An Annual Report is a document in which the organisation tells its members about who was on the Board/Management Committee and what was accomplished during the year. The report should also include the annual financial statements. Typically, this would include a Statement of Income & Expenditure (or Profit & Loss), a Statement of Financial Position (Balance Sheet) and a Statement of Changes in Net Worth (Cash Flow Statement).

The CBF prefers but does not require that an auditor prepares financial statements provided with a grant application. If your state or national regulatory authority (e.g. Consumer Affairs Victoria, NSW Fair Trading) does not require you to submit audited statements to them, we will accept the unaudited annual financial statements approved at your Annual General Meeting. If you are one part of a larger organisation, please supply financials that provide insight into your business area only.

Why do we ask questions about your organisation’s current cash balance?

When assessors consider your Audited Financial Statements in applications, we ask them to consider the financial health and management of your organisation. Resilient community media organisations are financially and operationally fit with sufficient income from a diverse range of sources. Maintaining cash reserves is a good practice for organisations particularly if emergencies arise and grant support is not available. Demonstrating a healthy cash balance strengthens your application and will not disadvantage you when applying for CBF support.

You will however be asked ‘Why do you need CBF funding to continue or start these activities? And ‘Why can’t you fund this yourself? and the assessors will need to know why you can’t use your organisation’s own funding (as demonstrated by your cash balance and other financial documents) to complete your project or activities. You are also provided with a section entitled ‘Financial statement comments’ where you can provide further context around your cash reserves/balance e.g. income from radiothon before the end of last financial year carried over to cover operational costs in this financial year.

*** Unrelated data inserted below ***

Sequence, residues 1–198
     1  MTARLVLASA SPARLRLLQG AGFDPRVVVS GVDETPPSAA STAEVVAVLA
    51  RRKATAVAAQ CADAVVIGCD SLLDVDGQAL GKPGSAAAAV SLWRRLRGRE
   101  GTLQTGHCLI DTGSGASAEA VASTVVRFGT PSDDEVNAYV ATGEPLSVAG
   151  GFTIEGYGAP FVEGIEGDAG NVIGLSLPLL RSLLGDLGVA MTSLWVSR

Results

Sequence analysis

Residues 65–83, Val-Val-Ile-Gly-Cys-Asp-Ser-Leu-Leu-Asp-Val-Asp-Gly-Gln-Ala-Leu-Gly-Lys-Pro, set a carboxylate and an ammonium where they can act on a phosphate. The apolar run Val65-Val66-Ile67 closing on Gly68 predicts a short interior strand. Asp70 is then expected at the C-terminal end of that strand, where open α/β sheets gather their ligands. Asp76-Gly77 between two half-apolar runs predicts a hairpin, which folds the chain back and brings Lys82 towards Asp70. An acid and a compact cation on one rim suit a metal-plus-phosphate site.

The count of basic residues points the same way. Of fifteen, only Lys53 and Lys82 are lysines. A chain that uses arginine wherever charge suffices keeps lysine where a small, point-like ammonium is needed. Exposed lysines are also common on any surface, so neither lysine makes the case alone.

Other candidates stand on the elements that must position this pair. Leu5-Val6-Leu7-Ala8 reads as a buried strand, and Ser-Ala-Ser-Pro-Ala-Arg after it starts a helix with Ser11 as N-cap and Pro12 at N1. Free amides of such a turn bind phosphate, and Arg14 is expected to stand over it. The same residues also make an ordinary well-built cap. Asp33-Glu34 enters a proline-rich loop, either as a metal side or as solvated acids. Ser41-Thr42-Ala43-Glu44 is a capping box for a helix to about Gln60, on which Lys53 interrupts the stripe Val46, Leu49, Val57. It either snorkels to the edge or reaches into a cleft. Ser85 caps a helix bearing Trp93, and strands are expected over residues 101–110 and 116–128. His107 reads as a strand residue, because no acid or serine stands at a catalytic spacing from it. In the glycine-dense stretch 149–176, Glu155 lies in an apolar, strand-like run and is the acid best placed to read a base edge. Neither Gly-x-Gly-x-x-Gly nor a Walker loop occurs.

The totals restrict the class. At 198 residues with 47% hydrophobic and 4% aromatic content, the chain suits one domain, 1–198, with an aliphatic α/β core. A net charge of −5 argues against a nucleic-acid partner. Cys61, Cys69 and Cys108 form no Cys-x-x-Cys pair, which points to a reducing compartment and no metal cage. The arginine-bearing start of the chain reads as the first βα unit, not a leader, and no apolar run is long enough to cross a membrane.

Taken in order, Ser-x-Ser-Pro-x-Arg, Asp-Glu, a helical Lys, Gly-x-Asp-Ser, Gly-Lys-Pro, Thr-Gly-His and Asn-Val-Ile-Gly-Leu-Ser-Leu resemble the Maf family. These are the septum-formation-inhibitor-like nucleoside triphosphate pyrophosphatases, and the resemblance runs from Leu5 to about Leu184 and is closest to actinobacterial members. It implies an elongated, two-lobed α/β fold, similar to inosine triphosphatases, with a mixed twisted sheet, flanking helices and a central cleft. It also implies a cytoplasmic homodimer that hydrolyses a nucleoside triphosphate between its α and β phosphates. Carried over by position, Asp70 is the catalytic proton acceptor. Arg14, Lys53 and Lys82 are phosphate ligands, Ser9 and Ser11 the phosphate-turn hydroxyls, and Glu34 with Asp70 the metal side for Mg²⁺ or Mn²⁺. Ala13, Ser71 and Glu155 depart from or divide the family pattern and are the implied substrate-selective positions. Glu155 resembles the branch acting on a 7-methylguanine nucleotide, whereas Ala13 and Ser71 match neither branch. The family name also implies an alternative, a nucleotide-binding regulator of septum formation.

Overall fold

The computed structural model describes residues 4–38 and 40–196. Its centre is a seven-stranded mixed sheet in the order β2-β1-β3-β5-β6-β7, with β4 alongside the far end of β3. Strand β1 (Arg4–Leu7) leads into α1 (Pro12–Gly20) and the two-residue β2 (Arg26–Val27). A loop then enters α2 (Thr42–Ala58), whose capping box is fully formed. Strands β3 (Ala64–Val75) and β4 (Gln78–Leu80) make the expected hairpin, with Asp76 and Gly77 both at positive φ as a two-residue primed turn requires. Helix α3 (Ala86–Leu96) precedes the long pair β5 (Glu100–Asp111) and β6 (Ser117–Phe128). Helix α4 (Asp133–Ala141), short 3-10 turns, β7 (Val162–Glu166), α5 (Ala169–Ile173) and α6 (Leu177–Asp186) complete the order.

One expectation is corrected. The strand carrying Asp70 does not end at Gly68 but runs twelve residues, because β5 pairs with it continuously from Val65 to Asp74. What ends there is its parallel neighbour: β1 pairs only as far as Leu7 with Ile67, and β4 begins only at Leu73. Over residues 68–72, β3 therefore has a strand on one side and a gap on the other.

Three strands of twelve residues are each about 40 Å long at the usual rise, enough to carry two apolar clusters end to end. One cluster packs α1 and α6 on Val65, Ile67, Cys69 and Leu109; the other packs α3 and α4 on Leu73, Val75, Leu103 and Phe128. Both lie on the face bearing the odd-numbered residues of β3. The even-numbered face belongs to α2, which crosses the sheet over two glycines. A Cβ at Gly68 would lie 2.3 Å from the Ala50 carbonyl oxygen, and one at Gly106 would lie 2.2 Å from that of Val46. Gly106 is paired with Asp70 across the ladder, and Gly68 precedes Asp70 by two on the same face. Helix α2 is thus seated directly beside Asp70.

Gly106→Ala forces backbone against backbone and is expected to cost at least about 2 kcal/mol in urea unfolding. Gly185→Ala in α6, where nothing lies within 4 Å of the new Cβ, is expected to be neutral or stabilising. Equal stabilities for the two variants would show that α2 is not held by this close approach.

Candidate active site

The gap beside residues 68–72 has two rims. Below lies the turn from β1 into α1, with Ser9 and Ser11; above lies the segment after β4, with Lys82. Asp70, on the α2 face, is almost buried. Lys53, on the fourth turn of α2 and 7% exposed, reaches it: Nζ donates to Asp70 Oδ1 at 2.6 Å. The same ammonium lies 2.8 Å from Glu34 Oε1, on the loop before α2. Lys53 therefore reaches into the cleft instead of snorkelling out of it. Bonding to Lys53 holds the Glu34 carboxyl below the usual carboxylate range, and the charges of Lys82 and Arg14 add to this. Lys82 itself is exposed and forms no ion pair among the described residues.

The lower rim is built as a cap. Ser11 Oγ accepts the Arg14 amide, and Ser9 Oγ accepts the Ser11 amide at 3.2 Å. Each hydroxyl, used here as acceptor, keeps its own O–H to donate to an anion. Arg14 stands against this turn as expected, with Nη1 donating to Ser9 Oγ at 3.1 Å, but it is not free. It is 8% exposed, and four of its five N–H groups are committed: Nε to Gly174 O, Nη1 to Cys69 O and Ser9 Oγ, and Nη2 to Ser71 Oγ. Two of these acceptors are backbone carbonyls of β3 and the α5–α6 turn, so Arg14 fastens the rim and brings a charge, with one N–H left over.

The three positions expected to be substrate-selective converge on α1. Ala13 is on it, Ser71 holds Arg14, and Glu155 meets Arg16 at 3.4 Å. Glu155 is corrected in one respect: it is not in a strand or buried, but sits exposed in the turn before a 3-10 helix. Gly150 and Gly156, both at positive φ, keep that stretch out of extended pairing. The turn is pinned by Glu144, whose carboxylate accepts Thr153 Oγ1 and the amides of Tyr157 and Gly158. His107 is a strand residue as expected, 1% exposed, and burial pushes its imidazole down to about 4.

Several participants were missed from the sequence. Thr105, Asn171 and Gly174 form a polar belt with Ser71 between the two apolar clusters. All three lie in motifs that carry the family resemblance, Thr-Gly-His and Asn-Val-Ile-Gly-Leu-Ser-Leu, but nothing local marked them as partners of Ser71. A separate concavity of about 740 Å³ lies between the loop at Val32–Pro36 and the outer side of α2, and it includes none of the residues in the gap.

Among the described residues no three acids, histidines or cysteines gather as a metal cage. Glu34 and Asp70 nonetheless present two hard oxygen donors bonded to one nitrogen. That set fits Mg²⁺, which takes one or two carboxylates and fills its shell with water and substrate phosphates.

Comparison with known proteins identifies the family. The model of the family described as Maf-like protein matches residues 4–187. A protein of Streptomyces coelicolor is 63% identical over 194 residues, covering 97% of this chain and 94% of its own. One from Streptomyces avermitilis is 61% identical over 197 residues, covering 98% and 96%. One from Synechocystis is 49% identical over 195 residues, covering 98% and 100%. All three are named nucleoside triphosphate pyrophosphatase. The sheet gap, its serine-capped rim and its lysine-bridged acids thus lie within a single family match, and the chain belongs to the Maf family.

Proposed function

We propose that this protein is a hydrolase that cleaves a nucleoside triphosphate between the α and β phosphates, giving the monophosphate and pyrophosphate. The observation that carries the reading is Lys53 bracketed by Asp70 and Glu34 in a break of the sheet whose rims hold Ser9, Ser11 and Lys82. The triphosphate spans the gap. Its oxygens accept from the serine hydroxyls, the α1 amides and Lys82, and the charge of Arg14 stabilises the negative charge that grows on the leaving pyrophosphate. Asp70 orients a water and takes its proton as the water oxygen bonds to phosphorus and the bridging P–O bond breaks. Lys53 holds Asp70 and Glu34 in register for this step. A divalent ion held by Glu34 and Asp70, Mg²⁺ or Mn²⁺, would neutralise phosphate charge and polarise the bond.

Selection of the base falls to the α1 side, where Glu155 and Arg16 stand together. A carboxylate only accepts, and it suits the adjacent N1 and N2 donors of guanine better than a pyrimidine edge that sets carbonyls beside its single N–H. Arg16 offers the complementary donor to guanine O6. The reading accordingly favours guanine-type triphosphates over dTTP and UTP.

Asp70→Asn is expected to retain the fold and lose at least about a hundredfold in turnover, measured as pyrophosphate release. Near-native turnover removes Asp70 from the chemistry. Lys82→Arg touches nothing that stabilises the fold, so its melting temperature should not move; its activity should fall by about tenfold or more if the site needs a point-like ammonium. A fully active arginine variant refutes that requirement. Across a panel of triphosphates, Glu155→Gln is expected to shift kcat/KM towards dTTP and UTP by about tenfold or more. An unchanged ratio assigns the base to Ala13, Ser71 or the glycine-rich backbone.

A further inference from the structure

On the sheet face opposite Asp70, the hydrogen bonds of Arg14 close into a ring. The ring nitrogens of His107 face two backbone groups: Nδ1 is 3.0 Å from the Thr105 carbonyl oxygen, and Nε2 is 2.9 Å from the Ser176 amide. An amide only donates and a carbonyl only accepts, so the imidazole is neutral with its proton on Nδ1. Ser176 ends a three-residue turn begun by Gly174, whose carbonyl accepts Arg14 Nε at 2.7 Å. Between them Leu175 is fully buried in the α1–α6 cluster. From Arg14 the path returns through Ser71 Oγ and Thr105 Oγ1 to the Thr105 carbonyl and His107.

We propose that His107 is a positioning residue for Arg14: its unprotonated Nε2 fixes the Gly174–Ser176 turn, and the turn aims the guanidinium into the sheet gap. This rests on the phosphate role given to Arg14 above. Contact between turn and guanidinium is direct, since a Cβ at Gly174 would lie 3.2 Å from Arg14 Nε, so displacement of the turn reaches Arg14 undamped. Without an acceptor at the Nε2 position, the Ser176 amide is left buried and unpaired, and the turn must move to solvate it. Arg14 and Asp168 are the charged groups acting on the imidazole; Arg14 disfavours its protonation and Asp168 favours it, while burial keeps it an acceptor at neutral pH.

For more information see the CMTO’s Financial Management resource booklet

What is meant by a Strategic Plan or Business Plan?

These are planning documents developed by your organisation to guide future activities.
A Strategic Plan would usually define the values and objectives of the organisation and outline achievable goals to meet those objectives over a defined timeframe (e.g. 3-5 years).

A Business Plan is usually focused on the financial development of the organisation, outlining in detail how the organisation will meet its goals through a marketing, financial and operational perspective. View more resources on business planning.

Does your organisation need to develop your first or a new Strategic Plan? There are various planning consultants experienced in community media who may be able to assist. View our Planning Assistance Guide or view the CBAA Community Radio Station Health Check (funded by the CBF) as a start.

What does building capacity mean?

Building capacity essentially means ‘what do you need to do to make your organisation better’? This can relate to governance, operations, technical capacity or community engagement. Examples of capacity building include:

  • Developing your capacity to broadcast at the level you’re licensed for through ACMA. This might mean getting a stronger transmitter, so your signal reaches more of your allowable broadcast footprint.
  • Developing your operational capacity and financial sustainability by creating resources to help your team approach potential sponsors.
  • Seeking technical advice on your software systems to develop a membership database.
  • Reaching out to local community groups to engage them with your organisation.
  • Projects to develop the financial literacy skills of your Board members, such as accessing resources on the Our Community website.

We encourage you to view our other Frequently Asked Questions and explore our website to learn more about successful grant recipients, managing your grant, reporting, how to acknowledge the CBF and other funding opportunities. Also, don’t forget our Top 10 Tips for Applications!

Stay Informed